The Bureau of Land Management (BLM), due to on-going drought conditions resulting in insufficient water to support the wild horses in Nevada’s Big Sand Spring Valley, will begin gathering and providing emergency care for up to 300 wild horses.
The gather was expected to begin on Sept. 20 in the Pancake herd management area (HMA) located about 30 miles west of Ely or 80 miles northeast of Tonopah, Nevada.
An estimated 1,800 wild horses reside within the Pancake HMA based on a March 2016 inventory flight; more than 1,000 of the horses were in the Big Sand Spring Valley area. The BLM said the HMA has an appropriate management level of 240-493 wild horses. Precipitation in May and June 2016 filled or partially filled catchments in the Big Sand Spring Valley area which normally provide water for a large portion of the resident horse population in the area. However, these catchments are now dry which has resulted in additional horses seeking water at the few available spring sources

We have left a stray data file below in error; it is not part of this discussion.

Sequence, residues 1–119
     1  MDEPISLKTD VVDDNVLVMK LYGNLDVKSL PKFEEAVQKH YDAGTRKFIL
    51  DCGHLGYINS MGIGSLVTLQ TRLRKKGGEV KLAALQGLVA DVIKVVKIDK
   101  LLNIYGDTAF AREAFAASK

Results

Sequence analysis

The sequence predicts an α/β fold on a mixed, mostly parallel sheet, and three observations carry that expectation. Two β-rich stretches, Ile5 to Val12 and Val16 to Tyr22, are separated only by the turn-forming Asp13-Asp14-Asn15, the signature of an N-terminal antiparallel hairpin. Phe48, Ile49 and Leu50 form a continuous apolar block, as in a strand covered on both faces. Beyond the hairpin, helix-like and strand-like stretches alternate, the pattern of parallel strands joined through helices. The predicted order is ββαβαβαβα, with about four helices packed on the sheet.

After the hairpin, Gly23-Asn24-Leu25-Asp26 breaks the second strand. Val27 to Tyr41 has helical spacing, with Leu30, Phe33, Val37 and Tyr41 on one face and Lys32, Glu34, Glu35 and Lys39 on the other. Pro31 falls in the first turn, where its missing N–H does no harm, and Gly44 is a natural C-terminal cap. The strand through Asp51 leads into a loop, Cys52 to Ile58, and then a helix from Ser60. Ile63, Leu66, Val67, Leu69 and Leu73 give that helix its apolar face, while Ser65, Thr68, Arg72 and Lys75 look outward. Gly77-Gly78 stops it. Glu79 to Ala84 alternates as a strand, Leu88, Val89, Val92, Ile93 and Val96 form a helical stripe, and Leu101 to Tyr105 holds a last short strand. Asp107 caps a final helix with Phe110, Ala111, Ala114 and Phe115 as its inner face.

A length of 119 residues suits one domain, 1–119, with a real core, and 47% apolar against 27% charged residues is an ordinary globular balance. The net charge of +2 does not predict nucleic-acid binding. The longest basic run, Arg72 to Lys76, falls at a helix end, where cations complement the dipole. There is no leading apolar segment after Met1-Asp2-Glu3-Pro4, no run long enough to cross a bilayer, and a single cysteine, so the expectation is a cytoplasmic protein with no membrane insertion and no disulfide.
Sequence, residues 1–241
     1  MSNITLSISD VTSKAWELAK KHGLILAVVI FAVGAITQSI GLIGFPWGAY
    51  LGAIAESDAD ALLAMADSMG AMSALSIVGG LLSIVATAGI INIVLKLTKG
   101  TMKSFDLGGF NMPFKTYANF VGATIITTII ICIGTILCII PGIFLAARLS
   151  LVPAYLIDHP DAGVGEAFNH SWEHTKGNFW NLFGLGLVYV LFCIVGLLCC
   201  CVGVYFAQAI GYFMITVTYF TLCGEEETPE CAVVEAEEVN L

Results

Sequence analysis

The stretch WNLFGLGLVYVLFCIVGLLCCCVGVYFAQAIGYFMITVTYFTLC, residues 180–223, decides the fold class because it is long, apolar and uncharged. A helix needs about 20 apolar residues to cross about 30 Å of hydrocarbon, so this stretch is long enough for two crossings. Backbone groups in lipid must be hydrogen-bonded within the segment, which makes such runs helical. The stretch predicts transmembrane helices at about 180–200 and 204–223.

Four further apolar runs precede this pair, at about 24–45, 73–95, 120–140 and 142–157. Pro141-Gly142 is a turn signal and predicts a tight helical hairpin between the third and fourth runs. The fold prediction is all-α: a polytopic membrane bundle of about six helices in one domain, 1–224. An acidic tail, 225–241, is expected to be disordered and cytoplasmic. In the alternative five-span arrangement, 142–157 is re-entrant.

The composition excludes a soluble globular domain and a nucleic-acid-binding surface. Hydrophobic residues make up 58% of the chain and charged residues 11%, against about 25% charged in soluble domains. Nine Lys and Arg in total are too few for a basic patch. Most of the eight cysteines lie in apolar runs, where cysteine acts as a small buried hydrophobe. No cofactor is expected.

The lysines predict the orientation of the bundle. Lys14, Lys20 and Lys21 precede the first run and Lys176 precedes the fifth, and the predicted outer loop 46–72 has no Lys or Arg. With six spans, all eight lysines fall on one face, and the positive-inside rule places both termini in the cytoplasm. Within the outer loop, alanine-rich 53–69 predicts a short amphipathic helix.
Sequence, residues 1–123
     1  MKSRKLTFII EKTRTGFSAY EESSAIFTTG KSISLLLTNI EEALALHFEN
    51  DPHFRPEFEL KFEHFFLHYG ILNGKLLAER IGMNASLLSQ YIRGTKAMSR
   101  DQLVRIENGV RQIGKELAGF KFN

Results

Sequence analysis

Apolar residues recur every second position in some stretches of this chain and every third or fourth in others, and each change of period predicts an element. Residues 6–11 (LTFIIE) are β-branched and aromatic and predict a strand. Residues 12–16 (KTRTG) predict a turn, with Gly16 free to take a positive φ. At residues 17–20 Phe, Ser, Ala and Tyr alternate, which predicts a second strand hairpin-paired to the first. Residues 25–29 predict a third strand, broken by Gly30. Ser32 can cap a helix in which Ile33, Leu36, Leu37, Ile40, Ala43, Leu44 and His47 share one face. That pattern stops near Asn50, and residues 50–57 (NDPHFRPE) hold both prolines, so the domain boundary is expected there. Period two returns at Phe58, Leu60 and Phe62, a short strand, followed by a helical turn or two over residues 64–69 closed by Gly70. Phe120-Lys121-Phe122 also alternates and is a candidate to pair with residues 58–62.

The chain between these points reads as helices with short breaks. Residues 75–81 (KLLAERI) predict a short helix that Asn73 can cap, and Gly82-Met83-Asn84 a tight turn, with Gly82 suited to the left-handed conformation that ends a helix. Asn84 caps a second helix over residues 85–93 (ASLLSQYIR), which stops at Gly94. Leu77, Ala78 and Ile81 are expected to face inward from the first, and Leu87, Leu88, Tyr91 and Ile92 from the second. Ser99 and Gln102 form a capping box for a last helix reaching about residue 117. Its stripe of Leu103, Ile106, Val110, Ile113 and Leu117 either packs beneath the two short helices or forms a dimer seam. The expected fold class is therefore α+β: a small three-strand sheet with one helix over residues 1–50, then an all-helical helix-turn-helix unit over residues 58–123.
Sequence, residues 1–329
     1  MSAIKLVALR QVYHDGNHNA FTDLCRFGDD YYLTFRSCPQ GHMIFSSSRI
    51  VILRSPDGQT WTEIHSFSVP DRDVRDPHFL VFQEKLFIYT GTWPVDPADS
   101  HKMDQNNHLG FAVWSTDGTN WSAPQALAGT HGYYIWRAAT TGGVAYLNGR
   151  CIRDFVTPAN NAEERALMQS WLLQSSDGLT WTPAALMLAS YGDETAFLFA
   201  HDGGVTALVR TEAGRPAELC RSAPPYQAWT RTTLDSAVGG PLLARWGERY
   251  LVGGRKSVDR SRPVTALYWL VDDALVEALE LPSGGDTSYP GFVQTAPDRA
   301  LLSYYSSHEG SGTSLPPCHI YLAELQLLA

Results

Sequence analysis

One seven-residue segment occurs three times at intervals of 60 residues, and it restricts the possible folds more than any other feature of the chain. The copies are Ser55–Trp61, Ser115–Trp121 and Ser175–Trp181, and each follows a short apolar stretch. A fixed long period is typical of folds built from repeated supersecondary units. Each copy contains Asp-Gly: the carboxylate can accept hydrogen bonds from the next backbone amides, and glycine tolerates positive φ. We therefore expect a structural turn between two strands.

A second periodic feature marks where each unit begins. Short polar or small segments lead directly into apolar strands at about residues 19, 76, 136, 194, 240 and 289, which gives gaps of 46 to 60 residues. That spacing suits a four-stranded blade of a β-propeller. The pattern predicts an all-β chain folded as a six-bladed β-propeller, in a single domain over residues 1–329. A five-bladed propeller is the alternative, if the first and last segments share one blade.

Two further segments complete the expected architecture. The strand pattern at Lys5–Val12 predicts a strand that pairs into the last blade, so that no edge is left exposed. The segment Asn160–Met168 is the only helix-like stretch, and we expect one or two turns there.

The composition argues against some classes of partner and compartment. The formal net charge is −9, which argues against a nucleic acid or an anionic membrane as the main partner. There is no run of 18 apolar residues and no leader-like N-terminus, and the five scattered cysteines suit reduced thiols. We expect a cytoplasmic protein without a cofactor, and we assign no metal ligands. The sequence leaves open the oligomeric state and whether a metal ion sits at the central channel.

The BLM said that without emergency action, the condition of the wild horses in the Big Sand Spring Valley is expected to deteriorate and potentially result in the death of some of the horses within a few weeks.
The BLM will gather and remove the wild horses utilizing temporary water and bait traps consisting of a series of corral panels stocked with water and hay; no helicopters will be used. Because of the need for wild horses to adjust to the hay and corrals in a quick and safe manner, only essential wild horse personnel will be allowed at the gather sites during initial operations. Depending on the animals’ adjustment, public viewing through an escorte